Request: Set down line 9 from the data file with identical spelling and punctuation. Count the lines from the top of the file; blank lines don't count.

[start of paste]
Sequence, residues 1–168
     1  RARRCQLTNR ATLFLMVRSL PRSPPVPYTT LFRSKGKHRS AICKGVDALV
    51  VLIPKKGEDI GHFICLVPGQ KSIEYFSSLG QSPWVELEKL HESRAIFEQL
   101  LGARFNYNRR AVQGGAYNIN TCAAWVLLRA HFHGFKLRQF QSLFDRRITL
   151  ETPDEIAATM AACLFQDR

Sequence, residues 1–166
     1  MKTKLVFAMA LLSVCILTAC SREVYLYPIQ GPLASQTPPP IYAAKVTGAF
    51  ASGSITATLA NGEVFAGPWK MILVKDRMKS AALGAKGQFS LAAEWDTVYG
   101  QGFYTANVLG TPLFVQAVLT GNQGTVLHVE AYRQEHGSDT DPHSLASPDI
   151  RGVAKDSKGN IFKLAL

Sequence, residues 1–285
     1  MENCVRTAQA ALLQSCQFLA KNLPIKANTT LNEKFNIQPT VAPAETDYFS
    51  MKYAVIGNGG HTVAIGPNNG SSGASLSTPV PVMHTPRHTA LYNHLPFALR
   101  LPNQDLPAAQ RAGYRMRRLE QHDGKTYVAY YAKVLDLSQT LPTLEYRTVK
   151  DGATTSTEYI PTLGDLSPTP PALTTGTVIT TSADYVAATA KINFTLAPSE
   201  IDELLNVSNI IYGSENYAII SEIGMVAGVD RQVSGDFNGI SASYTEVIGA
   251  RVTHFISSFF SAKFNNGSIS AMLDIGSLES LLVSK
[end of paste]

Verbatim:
   101  QGFYTANVLG TPLFVQAVLT GNQGTVLHVE AYRQEHGSDT DPHSLASPDI